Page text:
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Open AccessArticle Deep Soil Conditions Make Mediterranean Cork Oak Stem Growth Vulnerable to Autumnal Rainfall Decline in Tunisia
Forests 2016, 7(10), 245; https://doi.org/10.3390/f7100245
Received: 31 August 2016 / Revised: 6 October 2016 / Accepted: 13 October 2016 / Published: 21 October 2016
Cited by 1 | PDF Full-text (4300 KB) | HTML Full-text | XML Full-text
Abstract
Tree rings provide fruitful information on climate features driving annual forest growth through statistical correlations between annual tree growth and climate features. Indices built upon tree growth limitation by carbon sequestration (source hypothesis) or drought-driven cambial phenology (sink hypothesis) can be used to [...] Read more.
Tree rings provide fruitful information on climate features driving annual forest growth through statistical correlations between annual tree growth and climate features. Indices built upon tree growth limitation by carbon sequestration (source hypothesis) or drought-driven cambial phenology (sink hypothesis) can be used to better identify underlying processes. We used both analytical frameworks on Quercus suber, a sparsely studied species due to tree ring methodological issues, and growing on a favorable sub-humid Mediterranean climate and deep soil conditions in Tunisia (North Africa). Statistical analysis revealed the major role of autumnal rainfall before the growing season on annual tree growth over the 1918–2008 time series. Using a water budget model, we were able to explain the critical role of the deep soil water refill during the wet season in affecting both the drought onset controlling growth phenology and the summer drought intensity affecting carbon assimilation. Analysis of recent climate changes in the region additionally illustrated an increase in temperatures enhancing the evaporative demand and advancing growth start, and a decline in rainfalls in autumn, two key variables driving stem growth. We concluded on the benefits of using process-based indices in dendrochronological analysis and identified the main vulnerability of this Mediterranean forest to autumnal rainfall decline, a peculiar aspect of climate change under summer-dry climates. Full article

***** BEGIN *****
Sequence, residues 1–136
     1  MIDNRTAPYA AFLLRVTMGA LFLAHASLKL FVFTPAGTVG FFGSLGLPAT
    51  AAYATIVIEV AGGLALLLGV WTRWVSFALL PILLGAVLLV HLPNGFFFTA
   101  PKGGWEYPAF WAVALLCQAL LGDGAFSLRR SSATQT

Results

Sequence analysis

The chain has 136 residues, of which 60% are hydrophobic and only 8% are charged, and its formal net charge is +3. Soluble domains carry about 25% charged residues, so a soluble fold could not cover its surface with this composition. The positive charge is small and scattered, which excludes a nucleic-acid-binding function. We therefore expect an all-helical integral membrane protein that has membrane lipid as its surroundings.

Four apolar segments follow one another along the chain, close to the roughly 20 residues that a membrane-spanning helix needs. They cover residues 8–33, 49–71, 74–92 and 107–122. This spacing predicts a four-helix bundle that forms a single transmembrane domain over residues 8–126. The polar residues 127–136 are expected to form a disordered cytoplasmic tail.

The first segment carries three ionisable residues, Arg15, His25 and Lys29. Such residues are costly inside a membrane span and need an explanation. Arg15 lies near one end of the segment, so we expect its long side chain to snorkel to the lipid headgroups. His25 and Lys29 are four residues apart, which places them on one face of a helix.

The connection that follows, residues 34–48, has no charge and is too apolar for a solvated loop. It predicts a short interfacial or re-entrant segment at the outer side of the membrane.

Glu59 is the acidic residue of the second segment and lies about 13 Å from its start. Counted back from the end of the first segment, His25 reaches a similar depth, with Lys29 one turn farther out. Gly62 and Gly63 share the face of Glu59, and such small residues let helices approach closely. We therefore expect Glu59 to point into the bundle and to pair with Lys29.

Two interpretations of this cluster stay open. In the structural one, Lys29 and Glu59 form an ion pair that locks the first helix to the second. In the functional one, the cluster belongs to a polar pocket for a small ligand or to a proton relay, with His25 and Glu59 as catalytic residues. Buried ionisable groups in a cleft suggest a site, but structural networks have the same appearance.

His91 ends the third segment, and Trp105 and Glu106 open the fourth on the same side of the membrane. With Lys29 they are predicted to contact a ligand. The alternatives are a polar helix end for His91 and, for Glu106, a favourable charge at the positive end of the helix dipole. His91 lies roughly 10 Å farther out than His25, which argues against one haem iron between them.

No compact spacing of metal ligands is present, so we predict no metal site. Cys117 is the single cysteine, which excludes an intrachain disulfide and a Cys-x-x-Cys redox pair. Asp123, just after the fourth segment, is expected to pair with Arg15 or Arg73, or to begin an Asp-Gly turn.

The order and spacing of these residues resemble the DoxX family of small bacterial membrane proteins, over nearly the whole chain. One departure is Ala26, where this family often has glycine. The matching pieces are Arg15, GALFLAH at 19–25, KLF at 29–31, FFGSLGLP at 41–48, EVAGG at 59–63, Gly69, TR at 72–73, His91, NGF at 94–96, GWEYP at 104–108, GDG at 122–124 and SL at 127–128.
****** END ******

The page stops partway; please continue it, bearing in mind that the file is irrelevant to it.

(This article belongs to the Special Issue Forest Growth Response to Environmental Stress)
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Open AccessArticle Radial Growth Response of Black Spruce Stands Ten Years after Experimental Shelterwoods and Seed-Tree Cuttings in Boreal Forest
Forests 2016, 7(10), 240; https://doi.org/10.3390/f7100240
Received: 10 August 2016 / Revised: 10 October 2016 / Accepted: 10 October 2016 / Published: 15 October 2016
Cited by 12 | PDF Full-text (3713 KB) | HTML Full-text | XML Full-text | Supplementary Files
Abstract
Partial cutting is thought to be an alternative to achieve sustainable management in boreal forests. However, the effects of intermediate harvest intensity (45%–80%) on growth remain unknown in black spruce (Picea mariana (Mill.) B.S.P.) stands, one of the most widely distributed boreal [...] Read more.
Partial cutting is thought to be an alternative to achieve sustainable management in boreal forests. However, the effects of intermediate harvest intensity (45%–80%) on growth remain unknown in black spruce (Picea mariana (Mill.) B.S.P.) stands, one of the most widely distributed boreal species with great commercial interest. In this study, we analysed the effect of three experimental shelterwood and one seed-tree treatments on tree radial growth in even-aged black spruce stands, 10 years after intervention. Our results show that radial growth response 8–10 years after cutting was 41% to 62% higher than in untreated plots, with stand structure, treatment, tree position relative to skidding trails, growth before cutting and time having significant interactions. The stand structure conditioned tree growth after cutting, being doubled in younger and denser stands. Tree spatial position had a pronounced effect on radial growth; trees at the edge of the skidding trails showed twice the increase in growth compared to interior trees. Dominant trees before cutting located close to the skidding trails manifested the highest growth response after cutting. This research suggests that the studied treatments are effective to enhance radial wood production of black spruce especially in younger stands, and that the edge effect must be considered in silvicultural management planning. Full article
(This article belongs to the Special Issue Forest Growth Response to Environmental Stress)